Iceland's exposure to major ocean current pathways of the central North Atlantic makes it a useful location for developing long-term proxy records of past marine climate. Such records provide more detailed understanding of the full range of past variability which is necessary to improve predictions of future changes. We constructed a 225-year (1791–2015 CE) master shell growth chronology from 29 shells of Arctica islandica collected at 100 m water depth in southwest Iceland (Faxaflói). The growth chronology provides a robust age model for shell oxygen isotope (δ18Oshell) data produced at annual resolution for 251 years (1765–2015 CE). The temperature reconstruction derived from δ18Oshell shows coherence with May–October local surface temperature records and sea surface temperatures in the North Atlantic region, suggesting it is a useful proxy indicator of water temperature variability at 100 m depth within Faxaflói. Field correlations between the shell-based records and gridded sea surface temperature data reveal strong positive correlations between the 1-year lagged shell growth and temperatures within the subpolar gyre post-1972, suggesting a delayed influence of subpolar gyre dynamics on ecological indicators in southwest Iceland in recent decades. However, the shell growth chronology and δ18Oshell record generally show relatively weak and insignificant correlations with larger region climate indices including the Atlantic Multidecadal Variability, North Atlantic Oscillation, and East Atlantic pattern. Therefore the interannual variations in the newly produced shell-based records appear to reflect more local to regional dynamics around southwest Iceland than large-scale modes of climate variability.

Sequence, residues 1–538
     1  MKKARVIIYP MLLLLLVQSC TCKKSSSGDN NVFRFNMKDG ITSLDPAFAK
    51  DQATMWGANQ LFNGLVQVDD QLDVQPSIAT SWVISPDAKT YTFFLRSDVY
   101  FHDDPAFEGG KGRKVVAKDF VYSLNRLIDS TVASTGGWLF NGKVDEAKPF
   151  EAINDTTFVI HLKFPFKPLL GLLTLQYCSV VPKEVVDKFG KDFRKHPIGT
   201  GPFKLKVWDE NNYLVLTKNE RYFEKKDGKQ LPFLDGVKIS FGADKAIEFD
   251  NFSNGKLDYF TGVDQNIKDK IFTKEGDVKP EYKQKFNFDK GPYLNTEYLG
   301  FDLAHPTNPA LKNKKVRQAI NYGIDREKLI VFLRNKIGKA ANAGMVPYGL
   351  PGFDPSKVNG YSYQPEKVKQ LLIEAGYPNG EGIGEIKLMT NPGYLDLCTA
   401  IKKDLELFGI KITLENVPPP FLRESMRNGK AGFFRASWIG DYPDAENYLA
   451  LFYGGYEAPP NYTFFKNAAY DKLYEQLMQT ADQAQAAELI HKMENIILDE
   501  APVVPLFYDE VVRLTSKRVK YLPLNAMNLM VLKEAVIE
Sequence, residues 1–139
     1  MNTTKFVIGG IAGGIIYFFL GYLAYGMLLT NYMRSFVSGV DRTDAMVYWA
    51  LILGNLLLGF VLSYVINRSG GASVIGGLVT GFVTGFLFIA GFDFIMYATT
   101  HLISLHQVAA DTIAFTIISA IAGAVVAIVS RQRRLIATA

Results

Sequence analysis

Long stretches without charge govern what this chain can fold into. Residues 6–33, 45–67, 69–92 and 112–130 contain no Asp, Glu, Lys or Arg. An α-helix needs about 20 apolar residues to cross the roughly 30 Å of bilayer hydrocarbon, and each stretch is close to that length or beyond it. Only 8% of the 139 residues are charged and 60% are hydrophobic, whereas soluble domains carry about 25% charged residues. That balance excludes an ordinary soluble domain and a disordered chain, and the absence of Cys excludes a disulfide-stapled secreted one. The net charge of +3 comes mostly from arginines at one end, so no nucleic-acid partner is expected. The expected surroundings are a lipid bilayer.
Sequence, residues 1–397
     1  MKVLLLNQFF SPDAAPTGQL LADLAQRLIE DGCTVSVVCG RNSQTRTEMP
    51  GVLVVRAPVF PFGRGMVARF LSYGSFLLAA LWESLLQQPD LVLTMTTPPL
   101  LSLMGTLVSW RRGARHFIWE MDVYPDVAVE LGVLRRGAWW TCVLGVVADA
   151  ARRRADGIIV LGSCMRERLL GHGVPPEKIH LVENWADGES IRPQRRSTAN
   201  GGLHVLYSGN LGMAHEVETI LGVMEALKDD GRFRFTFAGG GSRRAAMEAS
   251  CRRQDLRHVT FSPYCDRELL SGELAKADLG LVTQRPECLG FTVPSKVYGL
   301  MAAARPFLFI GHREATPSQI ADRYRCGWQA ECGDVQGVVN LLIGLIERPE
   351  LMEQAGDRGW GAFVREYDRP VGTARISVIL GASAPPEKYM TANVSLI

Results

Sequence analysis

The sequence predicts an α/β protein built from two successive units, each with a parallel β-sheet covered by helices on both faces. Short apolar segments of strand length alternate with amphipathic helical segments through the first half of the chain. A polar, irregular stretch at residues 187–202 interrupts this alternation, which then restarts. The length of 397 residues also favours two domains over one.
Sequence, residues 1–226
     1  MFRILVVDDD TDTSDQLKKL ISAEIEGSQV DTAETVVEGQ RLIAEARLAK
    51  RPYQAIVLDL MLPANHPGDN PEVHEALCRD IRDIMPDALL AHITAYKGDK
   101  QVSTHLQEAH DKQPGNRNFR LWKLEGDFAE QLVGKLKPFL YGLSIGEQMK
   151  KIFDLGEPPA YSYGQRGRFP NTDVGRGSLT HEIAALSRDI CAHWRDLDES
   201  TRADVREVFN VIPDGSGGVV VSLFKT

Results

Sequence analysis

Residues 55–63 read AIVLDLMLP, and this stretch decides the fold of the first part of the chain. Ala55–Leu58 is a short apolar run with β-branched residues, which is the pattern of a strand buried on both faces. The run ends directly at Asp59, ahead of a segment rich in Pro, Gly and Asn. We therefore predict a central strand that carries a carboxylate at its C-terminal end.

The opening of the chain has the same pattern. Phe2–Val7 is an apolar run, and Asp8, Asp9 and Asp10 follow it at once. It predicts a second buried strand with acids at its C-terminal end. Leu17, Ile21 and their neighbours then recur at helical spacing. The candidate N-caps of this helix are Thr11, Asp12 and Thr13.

|Title||Two centuries of southwest Iceland annually-resolved marine temperature reconstructed from Arctica islandica shells|
|Authors||Madelyn Jean Mette, Carin Andersson, Bernd Schöne, Fabian Bonitz, Vilde Melvik, Tamara Trofimova, Martin Miles|
|Publication Subtype||Journal Article|
|Series Title||Estuarine, Coastal and Shelf Science|
|Record Source||USGS Publications Warehouse|
|USGS Organization||St. Petersburg Coastal and Marine Science Center|